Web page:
Forgotten Names Recalled: The Singapore Cenotaph Project


As expected the order of records arrived by post, a bundle of five officers’ records on enormous A3 sheets. The advantage of the size is ease of reading, the disadvantage is the weight. The upshot is that I am now photographing the paper copies as well.  Parcel of five officer records from the National Archives  

These records deal mostly with the deaths of the men, including copies of the telegrams sent to the families, letters from parents or siblings asking for information, requesting a death certificate, letters from lawyers concerning probate, in a few cases a list of personal effects.  One record has the basic details of a court martial for behaviour unbecoming an officer and a gentleman -- a sexual assault and indecent exposure on two of his men -- and he was aquitted. There was a shocking follow-up to the story but that's not a blog topic.

Three more days at the archives in Kew finished off the copying of the records. Photographing was a back-breaking process. Although the archives has tables of copy stands for cameras they are often booked up for days at a time. Even when I did manage to get a table with a copy stand I found that it was not much use for the type of records I had to copy. Around me were people copying at a rate of 50 pages a minute -- click, click, click -- because their files were filled with homogenous pages that turned easily.

By comparison the Minute Folders, as they're called, from the War Office or Admiralty or Air Force were compiled of many pages from different sources, different shapes and sizes and more importantly, textures. I had to be very careful turning the pages that were extremely fragile and could rip easily. That meant moving the file about, which in turn would mean lining up the file to the fixed camera over and over again. In the end it was easier to hold the camera and adjust it rather than the file. Sometimes it was possible to sit for smaller letters and telegrams, for others standing was the only way to get the whole page. Here is the final list of men who had some sort of record at the National Archives, some more useful than others.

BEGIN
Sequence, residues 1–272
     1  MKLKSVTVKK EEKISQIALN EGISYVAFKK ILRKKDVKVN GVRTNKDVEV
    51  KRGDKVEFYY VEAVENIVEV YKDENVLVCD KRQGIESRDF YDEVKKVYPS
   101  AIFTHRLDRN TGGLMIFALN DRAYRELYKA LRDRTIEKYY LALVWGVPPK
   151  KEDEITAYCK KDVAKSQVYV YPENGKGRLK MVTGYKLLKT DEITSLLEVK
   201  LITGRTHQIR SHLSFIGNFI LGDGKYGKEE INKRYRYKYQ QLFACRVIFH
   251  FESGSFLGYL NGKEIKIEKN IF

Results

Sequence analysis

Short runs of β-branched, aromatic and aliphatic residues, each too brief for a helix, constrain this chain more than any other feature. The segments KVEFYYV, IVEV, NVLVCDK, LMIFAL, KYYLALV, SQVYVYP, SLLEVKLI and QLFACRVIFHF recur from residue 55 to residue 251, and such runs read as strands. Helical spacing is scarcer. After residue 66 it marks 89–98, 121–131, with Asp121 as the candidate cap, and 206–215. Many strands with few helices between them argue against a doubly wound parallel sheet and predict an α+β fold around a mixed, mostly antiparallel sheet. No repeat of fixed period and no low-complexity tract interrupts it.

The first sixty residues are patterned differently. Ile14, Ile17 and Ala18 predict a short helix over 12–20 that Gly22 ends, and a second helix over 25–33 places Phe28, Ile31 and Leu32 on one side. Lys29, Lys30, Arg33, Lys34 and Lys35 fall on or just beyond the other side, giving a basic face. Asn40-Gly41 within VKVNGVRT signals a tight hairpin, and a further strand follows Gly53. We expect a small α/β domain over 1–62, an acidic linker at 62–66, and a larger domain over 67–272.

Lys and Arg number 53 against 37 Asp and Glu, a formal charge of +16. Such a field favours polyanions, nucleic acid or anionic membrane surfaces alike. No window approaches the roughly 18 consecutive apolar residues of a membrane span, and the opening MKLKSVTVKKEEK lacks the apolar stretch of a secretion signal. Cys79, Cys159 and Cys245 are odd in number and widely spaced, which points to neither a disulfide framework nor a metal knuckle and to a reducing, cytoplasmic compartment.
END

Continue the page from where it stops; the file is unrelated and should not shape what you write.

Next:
Thomas Shirley King
William Robert Norman Leslie
Harold Millard
Kenneth Thomas
Edward Hampton Moss
Arthur James Basil Butcher
Philip Simons Picot
Harold Allan Ironside
Geoffrey Anthony St John Jones
Reginald Vaux Cuthbert
Guy Hatton Sugden
Bernard Cutbill
Percy Gold
John Archibald Rennie
Charles Eric Jupe
William Howard Newton
Alexander Millar Smith
Thomas Stewart
James Kerr
Edward Michael FitzGerald Law
Robert Archibald FitzGerald Law
Arthur Ronald Newman Wilkinson
Robert Allan McCulloch
Kenelm Cuthbert Vaughan
William Crew Tremearne
Richard Upton (RAF)
Benedict Godfrey Allen Bell (RAF)
Henry Graham Achurch (RAF)
Thomas Stuart Nash (RAF)
John Sharpey Schafer/Shaefer (Royal Navy)
Peter Fisken (Royal Navy Engineer)
My reader's ticket
So now I am finished with the National Archives at Kew, at least for this project. It has been an interesting experience, not least having a peek at the other researchers, some very serious academic types in tweed suits, others legal types in three-piece, pin-striped suits, and still others, younger people in jeans and sneakers who are probably postgraduate students working on a PhD.

Then there are the amateurs like myself, like the enthusiastic young man who told me all about his search for his dad's family in Scotland and was thrilled with what he had discovered and also the whole process of learning how to search for records. No matter who you are, though, you still have to go through the process of obtaining a reader's ticket which then lasts for two years. I noticed that some of the tweed-dressed men had actually worn out the bar code on the back of their cards, which says a lot for the number of hours they spend researching. I don't think that will happen to my ticket.

Rosemary Lim